Blogger: Janet Kobobel Grant
As is my tradition over the last several years, today I’ll showcase some of the great books I read in 2016. Pull out your To Be Read List so you can make some additions!
I’ll give each book a grade, but I think each of these is worthy of a mention and has its own rewards if you choose to pick it up.
1. Our Souls at Night.
Kent Haruf wrote this book after he was diagnosed with interstitial lung disease and told he had a limited time to live. At first after the diagnosis, he set aside his writing. But then he concluded that sitting around waiting for death wasn’t for him.
So he began to write again. And this novella is the result. He finished the book but died before the galleys were available for him to read.
That background helps the reader to understand Haruf’s mindset while writing the book. If you’ve read any of Haruf’s previous titles, you know that he writes with a literary style and a quiet voice. The quiet voice holds true for Our Souls at Night, but it’s one of Haruf’s most accessible book.
The essence of the story is that an elderly widow walks over to an elderly neighbor’s home and suggests they spend their nights sleeping together. The idea is to experience companionship, to have someone to talk to, to alleviate the loneliness.
At first put off by the prospect, the man declines the offer, but eventually he agrees. Their families are scandalized and threatened. They felt everything was neatly in place. Their parents were nicely tucked into their cushioned worlds, protected from everything that would upset the equilibrium.
Haruf gives the reader plenty to think about regarding love, family, and what’s important in life. I found the book charming yet complex. The seemingly simple story is anything but, and the writing is splendid.
I give this book a B+.
2. Circling the Sun.
Staying true to her brand of writing historical fiction about well-known, real people, this novel explores Beryl Markham’s rise to fame as one of the first female aviators in the 1920s. Beryl was part of a love triangle that also included Denys Finch Hatton and Karen Blixen. You might recognize their names from Out of Africa, written by Karen Blixen under the name Isak Dinesen. And you might have read Beryl’s memoir, West with the Night.
McClain’s challenges are immense in undertaking a fictionalized depiction of Markham’s life. Both Out of Africa and West with the Night are, in my opinion, some of the most beautifully-written, compelling memoirs ever penned.
But McClain showed herself up to the task. I’m not sure how fair it is to compare a novel to a memoir, but I felt Circling the Sun stood up well under the scrutiny. No, it’s not a thing of beauty like West with the Night. But Beryl is, in some ways, more compellingly depicted in Circling the Sun. McClain’s description of life in Africa in the early 1900s put much of Beryl’s life into a clearer context than Beryl offered us in her memoir. Of course, Beryl wrote her book for her peers. McClain gives her peers–us–insights into life in Africa during that time that we wouldn’t know about. And the writing is an enthralling depiction of Africa, showing why Beryl loved it so much.
I give this book an A-.
3. The Wright Brothers.
Written by famous biographer and historian David McCullough, I was set back on my heels as soon as I started to read The Wright Brothers. My expectation was to follow the invention that taught the world how to fly. But the book begins with…the plane’s first flight.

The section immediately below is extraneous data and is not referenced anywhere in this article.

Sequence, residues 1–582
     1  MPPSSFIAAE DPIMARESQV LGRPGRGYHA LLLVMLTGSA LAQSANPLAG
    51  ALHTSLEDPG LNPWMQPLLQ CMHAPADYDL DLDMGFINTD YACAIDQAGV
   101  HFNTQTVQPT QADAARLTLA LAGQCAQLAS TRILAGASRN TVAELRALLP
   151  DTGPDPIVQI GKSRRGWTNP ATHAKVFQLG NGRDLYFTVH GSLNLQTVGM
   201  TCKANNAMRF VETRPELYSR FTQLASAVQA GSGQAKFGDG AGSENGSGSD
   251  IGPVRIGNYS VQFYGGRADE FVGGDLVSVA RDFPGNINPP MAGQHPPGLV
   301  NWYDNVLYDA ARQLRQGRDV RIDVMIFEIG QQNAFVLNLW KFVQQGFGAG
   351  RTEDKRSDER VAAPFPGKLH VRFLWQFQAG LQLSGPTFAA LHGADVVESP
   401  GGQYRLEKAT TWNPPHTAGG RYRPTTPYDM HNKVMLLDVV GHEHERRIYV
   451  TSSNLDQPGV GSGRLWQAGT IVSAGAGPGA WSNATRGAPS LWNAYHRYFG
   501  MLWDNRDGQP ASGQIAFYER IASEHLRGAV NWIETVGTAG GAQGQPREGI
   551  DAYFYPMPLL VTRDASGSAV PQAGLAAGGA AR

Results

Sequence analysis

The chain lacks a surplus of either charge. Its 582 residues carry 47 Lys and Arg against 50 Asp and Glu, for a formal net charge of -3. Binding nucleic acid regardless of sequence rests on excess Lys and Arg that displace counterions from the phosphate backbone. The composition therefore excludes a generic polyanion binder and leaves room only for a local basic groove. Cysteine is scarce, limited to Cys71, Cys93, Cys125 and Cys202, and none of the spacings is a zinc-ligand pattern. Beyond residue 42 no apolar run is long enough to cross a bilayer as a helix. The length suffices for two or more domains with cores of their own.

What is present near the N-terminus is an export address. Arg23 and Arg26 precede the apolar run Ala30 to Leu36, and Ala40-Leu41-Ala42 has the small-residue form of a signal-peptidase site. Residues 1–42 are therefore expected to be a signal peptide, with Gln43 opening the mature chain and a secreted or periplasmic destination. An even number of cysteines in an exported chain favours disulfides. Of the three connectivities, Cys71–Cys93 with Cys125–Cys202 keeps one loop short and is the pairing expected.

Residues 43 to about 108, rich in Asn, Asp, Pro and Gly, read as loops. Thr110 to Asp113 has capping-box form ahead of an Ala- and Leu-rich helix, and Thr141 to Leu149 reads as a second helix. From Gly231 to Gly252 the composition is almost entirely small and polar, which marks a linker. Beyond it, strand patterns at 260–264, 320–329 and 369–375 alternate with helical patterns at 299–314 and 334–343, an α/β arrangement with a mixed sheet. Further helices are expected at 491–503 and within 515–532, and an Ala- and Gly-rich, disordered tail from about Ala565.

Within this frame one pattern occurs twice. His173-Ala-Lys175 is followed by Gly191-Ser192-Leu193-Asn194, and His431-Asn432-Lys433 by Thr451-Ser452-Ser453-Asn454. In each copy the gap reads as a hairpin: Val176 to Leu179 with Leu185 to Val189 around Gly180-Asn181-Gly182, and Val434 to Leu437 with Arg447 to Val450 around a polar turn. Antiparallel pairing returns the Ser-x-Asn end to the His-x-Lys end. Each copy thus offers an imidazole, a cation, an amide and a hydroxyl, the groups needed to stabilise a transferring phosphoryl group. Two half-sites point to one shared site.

Having anticipated that the story would end with the flight, I wondered just what this book would be about. It turned out to explore what happened to the Wright Brothers after that momentous day at Kitty Hawk.
The story is fascinating and full of surprises. To read a McCullough book is to watch a master researcher at work. He smoothly moves from one piece of research to another and makes the story compelling in the process.
I give this book an A.
4. When Breath Becomes Air.
The author, Paul Kalanithi, was a neurosurgeon and research scientist at Stanford when he received a diagnosis of Stage 4 lung cancer. At the age of 36, he was on the brink of completing a decade of education and residency. A brilliant surgeon, researcher, and writer, Kalanithi, much like Haruf, chose to continue do surgeries and serve his patients for as long as he could. Also, during a phase of remission, he and his wife decide to have a child. And the good doctor chooses to write a book about what it is like to face death.
When Breath Becomes Air flows with beautiful eloquence, courage, and contemplation. As one reviewer noted, “It is, despite its grim undertone, accidentally inspiring.” Indeed.
The book club I’m a part of read this memoir for more than the delight of finding such an exquisite read. One of our member’s daughter was the oncologist who traversed the last portion of Paul’s life with him. We heard special insights into Kalanithi’s strength and humor but also learned what a difficult life research doctors live. Stanford requires these doctors to maintain a regular list of severely ill patients, conduct research, write papers, and travel all over the world to present those papers. Not for the faint of heart!
Even if we didn’t hear those special insights, I would rate this book an A. Yes, it’s sad to know that a brilliant young man died. But the way he chose to live is awe-inspiring. And who among us doesn’t long to discover our next great read?
Now it’s your turn: Tell us what book(s) were among your 2016 favorites. After all, I need to add to my 2017 list!